Genea-blogger John Newmark (who writes the excellent TransylvanianDutch blog) started a Monday blog theme many months ago called Amanuensis Monday. What does "amanuensis" mean? John offers this definition:
"A person employed to write what another dictates or to copy what has been written by another."
The subject today is the letter from James H. Dill to the United States government inquiring if he is eligible for Bounty Land as a result of Thomas Dill's Revolutionary War service. The letter of inquiry is included in Thomas Dill's Revolutionary War Pension File (image 9 of the Thomas Dill file in the Footnote.com collection from National Archives Microfilm Publication M804):
The transcription of this letter is (punctuation interpreted as best possible):
New York, Augt 22. 1836
An answer to my Inquiry if I was Entitled to Bounty Land or other Emolument as the Surviving Son of Thomas Dill of Massachusetts a Revolutionary Soldier.
My Father I think Recd a Pension in 1830, or near that time, for several years - he died at a very advanced age and left no Widow.
Will you Please inform me as to the rules of the department to which I am to apply In case I have a claim as the Heir of Thomas Dill, also, what Evidence will be necessary to Establish my Claim, and oblige Sir
Your obt Servt
James H. Dill
Ja S. Cole Esq.
This letter is to James S. Cole, Esquire, who I believe worked for the agency that administered Revolutionary War Pensions in the 1836 time period. The letter is in the hand of the inquirer - James H. Dill, and is a very distinctive hand. You can see, on the image, that he put his quill down at the end of almost every word!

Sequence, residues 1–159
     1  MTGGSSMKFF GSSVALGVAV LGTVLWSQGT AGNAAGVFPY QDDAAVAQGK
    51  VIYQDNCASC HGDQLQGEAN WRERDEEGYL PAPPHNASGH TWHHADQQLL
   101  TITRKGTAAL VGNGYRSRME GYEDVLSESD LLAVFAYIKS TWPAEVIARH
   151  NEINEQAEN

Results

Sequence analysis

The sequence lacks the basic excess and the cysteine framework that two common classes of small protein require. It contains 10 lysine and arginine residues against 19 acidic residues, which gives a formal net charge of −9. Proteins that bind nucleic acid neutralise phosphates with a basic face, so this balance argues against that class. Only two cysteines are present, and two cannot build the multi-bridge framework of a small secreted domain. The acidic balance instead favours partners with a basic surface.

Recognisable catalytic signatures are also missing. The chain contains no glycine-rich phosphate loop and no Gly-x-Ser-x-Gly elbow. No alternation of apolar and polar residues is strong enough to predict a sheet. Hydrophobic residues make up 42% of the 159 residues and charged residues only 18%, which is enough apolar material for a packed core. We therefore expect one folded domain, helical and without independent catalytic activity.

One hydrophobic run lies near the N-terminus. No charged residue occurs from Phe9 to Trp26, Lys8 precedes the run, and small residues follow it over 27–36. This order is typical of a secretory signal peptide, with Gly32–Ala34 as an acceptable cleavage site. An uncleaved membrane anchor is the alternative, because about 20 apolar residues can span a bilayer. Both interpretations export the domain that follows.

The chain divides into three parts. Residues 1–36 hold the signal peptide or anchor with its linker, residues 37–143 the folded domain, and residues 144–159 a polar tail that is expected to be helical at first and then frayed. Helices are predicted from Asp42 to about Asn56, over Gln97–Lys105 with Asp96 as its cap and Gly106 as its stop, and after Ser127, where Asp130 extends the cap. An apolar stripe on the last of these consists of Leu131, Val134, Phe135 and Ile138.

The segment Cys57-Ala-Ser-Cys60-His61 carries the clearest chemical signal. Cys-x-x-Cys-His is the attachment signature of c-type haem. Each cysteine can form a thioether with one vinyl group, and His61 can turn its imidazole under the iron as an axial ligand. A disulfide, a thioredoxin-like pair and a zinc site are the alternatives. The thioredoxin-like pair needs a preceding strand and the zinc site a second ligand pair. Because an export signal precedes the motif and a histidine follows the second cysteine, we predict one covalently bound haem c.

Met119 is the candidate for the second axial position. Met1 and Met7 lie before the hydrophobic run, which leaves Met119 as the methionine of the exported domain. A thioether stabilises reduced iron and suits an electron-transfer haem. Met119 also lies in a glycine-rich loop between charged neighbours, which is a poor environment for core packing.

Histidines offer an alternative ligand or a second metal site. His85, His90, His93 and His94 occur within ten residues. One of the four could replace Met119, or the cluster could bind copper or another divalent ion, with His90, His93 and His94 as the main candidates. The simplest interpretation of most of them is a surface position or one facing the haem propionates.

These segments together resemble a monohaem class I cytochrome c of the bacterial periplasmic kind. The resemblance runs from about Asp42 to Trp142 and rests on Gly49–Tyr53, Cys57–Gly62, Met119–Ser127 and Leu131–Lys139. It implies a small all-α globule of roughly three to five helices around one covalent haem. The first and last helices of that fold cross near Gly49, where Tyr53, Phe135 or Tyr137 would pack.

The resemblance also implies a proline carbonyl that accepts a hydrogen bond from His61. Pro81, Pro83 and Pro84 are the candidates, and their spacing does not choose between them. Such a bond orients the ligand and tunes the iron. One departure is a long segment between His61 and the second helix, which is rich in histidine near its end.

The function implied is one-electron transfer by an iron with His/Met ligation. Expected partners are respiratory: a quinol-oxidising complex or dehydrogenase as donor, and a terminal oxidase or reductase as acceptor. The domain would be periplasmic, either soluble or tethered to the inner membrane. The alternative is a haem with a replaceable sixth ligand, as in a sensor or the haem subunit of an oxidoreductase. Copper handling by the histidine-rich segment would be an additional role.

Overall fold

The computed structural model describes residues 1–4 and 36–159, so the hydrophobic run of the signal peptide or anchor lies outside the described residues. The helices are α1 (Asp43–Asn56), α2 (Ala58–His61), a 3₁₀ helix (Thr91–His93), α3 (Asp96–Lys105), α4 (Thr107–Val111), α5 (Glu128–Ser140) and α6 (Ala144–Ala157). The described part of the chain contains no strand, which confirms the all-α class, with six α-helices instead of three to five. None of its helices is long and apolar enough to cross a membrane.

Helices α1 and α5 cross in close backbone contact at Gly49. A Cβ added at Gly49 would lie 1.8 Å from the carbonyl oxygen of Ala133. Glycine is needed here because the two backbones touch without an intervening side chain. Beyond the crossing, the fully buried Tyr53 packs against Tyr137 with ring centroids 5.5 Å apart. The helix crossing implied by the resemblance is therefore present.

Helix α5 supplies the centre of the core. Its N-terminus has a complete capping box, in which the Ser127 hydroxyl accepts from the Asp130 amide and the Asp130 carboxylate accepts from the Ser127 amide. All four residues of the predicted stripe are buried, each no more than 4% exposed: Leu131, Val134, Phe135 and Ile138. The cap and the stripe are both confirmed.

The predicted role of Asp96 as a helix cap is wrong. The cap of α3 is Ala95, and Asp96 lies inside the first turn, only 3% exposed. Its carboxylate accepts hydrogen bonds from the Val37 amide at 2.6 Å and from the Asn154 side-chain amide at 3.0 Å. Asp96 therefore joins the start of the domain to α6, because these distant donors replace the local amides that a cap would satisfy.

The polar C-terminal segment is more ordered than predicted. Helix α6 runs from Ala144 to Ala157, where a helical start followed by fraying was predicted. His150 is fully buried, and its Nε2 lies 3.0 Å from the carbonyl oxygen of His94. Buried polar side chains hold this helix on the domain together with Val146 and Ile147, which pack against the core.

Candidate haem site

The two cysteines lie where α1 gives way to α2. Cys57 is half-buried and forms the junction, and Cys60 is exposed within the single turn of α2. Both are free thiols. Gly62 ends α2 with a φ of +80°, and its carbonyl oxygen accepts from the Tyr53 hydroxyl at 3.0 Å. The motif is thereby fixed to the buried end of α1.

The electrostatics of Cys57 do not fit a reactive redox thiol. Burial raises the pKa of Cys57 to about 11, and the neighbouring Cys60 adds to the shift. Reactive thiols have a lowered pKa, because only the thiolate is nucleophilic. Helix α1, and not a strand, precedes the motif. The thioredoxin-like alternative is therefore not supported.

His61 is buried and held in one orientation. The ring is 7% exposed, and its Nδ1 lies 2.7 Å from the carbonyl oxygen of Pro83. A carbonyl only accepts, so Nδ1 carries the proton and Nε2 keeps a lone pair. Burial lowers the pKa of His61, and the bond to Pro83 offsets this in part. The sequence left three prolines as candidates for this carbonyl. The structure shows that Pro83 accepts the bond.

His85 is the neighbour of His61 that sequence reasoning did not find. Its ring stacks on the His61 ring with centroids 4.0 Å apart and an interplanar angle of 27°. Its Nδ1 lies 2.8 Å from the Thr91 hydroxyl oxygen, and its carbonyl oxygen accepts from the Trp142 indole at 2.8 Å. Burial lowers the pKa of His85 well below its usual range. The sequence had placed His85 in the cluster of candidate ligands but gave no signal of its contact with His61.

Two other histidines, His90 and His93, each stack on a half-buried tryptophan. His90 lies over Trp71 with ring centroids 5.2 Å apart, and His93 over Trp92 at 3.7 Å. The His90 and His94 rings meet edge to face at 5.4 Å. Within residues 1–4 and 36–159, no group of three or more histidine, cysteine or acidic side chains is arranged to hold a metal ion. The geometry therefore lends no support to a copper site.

The document above provides an original source document, with secondary information, and direct evidence that James H. Dill is the son of Thomas Dill of Eastham, who served in the Revolutionary War and received a pension.
Who is James H. Dill besides the son of Thomas Dill (his birth is recorded in the Eastham, Massachusetts Town Records)? As I mentioned in Amanuensis Monday - Insolvency Sale of Land of Alpheus B. Smith, a James H. Dill purchased the land of Alpheus Smith (1798-1840) in Medfield, and the widow's dower, at auction in 1840.
Alpheus Smith's widow was Elizabeth Horton (Dill) Smith (1794-1869), and I believe, but have not yet proven to my satisfaction yet, that Elizabeth Horton (Dill) Smith was the daughter of Thomas and Hannah (Horton) Dill, and sister to James H. Dill.
I've also found other records for James H. Dill in James H. Dill in the Vital and Census Records and James H. Dill in Newspaper, Cemetery and Book Records, and I believe that the information pertains to the same person as the son in the Thomas Dill pension file and the Alpheus Smith probate file.